Pepe’s bar was at the top of a steep, cobbled street, on the left-hand side. When we got there, it was crowded with men, mostly fishermen off the North Atlantic ships that cross the sea to the Grand Banks of Newfoundland. The men stay away for weeks at a time, and when they get back home, they too have a huge thirst, large and curious appetites, and money with which to indulge them. We all pushed our way into Pepe’s bar to join the crowd.
“Phew! Let’s get out of here. The place stinks of fish!”
“We can’t go without drinking something. You know what Pepe’s like.”
“Let’s share a porrón.”
And a porrón of red wine duly appeared. The porrón is designed for a small boat in the open sea. It is a glass flask of variable size, holding half a litre or a litre of bright red wine, depending upon the number of people drinking from it. It has a wide funnel at one end through which the wine enters and a thin spout at the other through which the wine exits in a fine ruby jet which the experts shoot directly into their mouths; done with skill, no lips ever touch the flask which circulates from hand to hand amidst cries of appreciation for the skilled and jeers for the careless (and the educational tourists, like me, here to learn about the language and the culture) who suddenly choke and cough as they squirt a red stream of wine up their noses and onto face, shirt, and tie. By dint of hard work, some of it done in the bath tub at home while nobody is watching, I can manage a porrón in the quiet confines of the bar; but I still don’t know how I would fare, out at sea, in an open, wind-swept boat.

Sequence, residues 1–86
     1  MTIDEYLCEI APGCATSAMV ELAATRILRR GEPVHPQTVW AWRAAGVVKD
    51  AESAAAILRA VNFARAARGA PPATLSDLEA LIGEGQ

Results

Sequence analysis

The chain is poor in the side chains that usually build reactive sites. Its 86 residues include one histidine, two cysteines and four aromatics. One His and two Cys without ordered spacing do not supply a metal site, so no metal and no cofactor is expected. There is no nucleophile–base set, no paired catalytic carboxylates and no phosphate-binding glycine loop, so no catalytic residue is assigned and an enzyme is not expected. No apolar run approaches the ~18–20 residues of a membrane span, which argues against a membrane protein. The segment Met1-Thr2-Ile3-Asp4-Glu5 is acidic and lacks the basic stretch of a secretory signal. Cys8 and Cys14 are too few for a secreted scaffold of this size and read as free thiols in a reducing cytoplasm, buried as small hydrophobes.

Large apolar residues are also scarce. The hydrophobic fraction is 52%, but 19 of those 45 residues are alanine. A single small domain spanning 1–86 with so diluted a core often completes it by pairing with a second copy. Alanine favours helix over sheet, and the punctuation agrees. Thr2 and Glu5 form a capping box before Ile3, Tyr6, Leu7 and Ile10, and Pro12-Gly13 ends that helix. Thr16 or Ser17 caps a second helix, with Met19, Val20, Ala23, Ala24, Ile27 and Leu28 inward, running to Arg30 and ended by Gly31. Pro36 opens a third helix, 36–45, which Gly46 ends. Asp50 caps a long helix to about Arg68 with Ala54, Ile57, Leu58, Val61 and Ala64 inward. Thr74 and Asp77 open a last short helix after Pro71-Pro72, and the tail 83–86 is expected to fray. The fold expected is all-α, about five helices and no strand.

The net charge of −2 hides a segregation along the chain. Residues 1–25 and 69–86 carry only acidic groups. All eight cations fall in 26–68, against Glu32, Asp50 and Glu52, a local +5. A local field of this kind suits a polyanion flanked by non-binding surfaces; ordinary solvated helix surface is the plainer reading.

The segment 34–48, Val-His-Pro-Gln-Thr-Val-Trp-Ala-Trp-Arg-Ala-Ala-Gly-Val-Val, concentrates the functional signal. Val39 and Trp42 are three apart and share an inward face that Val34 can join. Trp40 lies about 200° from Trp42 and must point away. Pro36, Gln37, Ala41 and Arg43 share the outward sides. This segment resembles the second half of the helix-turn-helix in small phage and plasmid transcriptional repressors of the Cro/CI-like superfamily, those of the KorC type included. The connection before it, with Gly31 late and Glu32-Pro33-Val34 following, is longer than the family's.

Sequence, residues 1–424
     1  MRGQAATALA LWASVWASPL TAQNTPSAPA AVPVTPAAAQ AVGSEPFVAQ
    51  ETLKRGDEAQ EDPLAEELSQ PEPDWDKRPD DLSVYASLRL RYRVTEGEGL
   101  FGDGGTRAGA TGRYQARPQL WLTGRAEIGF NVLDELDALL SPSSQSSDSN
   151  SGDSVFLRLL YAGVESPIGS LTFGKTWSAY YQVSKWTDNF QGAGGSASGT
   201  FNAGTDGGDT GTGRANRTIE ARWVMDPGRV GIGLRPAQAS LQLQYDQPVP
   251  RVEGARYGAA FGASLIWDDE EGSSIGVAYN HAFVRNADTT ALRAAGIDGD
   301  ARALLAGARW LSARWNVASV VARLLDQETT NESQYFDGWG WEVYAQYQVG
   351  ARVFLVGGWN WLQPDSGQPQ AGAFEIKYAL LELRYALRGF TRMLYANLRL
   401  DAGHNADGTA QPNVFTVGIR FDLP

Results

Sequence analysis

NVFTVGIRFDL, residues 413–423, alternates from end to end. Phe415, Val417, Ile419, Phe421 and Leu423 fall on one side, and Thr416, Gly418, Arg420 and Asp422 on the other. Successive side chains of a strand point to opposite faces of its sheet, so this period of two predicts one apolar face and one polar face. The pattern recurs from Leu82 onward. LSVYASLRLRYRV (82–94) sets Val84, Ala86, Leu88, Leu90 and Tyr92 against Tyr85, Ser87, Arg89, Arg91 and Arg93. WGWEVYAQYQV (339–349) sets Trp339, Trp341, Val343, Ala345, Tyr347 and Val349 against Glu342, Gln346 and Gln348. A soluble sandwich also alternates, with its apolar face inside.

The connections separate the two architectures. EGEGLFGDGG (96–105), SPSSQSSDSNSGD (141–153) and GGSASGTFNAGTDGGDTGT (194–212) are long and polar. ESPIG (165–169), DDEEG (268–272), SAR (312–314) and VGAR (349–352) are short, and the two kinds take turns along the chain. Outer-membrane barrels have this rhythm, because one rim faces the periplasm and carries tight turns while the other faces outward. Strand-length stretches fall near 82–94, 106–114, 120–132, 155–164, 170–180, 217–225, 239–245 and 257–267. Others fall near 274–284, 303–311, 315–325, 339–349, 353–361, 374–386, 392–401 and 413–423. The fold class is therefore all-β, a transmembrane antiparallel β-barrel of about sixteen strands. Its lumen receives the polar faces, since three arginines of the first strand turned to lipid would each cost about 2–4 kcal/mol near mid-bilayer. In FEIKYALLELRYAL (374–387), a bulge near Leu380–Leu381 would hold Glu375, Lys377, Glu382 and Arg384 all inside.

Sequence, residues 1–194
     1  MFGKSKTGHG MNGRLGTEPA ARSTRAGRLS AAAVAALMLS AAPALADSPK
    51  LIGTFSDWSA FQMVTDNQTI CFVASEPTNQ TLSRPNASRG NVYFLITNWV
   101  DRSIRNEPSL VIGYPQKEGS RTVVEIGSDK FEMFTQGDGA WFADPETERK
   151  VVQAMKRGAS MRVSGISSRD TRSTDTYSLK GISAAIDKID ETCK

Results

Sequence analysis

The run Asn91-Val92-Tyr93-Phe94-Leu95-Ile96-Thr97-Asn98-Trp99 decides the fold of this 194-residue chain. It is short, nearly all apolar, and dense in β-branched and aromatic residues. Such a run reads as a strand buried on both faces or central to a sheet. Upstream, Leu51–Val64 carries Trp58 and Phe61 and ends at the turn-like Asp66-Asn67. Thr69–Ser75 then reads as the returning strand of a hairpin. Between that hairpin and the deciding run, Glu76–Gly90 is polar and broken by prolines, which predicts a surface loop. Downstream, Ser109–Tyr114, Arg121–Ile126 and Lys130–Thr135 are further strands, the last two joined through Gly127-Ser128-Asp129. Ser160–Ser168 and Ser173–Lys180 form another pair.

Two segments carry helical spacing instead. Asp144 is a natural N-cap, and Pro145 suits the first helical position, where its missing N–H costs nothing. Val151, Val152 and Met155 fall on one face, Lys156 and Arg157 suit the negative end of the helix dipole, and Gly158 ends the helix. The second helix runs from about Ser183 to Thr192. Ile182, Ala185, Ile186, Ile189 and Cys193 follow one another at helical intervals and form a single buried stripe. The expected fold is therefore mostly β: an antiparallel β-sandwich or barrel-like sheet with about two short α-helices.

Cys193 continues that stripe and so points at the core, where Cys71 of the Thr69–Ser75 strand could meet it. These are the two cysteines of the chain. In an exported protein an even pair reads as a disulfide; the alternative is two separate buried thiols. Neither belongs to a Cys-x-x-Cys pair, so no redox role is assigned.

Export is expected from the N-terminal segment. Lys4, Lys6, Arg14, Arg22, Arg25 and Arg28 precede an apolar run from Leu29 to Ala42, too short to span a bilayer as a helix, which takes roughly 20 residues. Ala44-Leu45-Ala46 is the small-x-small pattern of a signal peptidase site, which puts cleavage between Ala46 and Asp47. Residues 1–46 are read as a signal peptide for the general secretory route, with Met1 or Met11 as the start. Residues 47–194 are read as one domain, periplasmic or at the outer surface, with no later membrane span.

I was soon going to find out.